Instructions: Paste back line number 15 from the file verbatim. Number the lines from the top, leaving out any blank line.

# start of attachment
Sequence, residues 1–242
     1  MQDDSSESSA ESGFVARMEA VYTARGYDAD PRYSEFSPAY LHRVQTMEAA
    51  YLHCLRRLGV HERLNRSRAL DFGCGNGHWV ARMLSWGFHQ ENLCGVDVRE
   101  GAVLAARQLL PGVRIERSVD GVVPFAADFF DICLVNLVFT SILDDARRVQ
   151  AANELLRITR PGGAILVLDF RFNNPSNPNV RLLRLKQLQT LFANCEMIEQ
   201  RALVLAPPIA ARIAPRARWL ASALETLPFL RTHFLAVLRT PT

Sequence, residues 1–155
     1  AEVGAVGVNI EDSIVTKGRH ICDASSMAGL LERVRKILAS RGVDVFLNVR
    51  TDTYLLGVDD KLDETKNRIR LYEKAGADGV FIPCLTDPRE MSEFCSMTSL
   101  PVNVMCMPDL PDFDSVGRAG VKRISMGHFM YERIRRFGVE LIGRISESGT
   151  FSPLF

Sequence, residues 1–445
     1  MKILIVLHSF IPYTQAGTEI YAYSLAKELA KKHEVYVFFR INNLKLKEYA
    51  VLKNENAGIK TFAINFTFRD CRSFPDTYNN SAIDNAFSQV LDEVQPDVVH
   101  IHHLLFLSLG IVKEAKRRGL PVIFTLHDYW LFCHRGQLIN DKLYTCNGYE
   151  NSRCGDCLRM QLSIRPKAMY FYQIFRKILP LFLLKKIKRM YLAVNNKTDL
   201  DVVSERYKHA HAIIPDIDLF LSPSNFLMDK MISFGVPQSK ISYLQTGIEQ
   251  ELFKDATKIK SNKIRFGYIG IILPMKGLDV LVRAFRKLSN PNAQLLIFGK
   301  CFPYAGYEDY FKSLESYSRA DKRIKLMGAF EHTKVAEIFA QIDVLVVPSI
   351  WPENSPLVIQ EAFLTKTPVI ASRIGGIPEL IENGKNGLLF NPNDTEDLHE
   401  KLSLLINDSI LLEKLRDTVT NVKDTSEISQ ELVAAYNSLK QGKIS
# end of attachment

   101  IHHLLFLSLG IVKEAKRRGL PVIFTLHDYW LFCHRGQLIN DKLYTCNGYE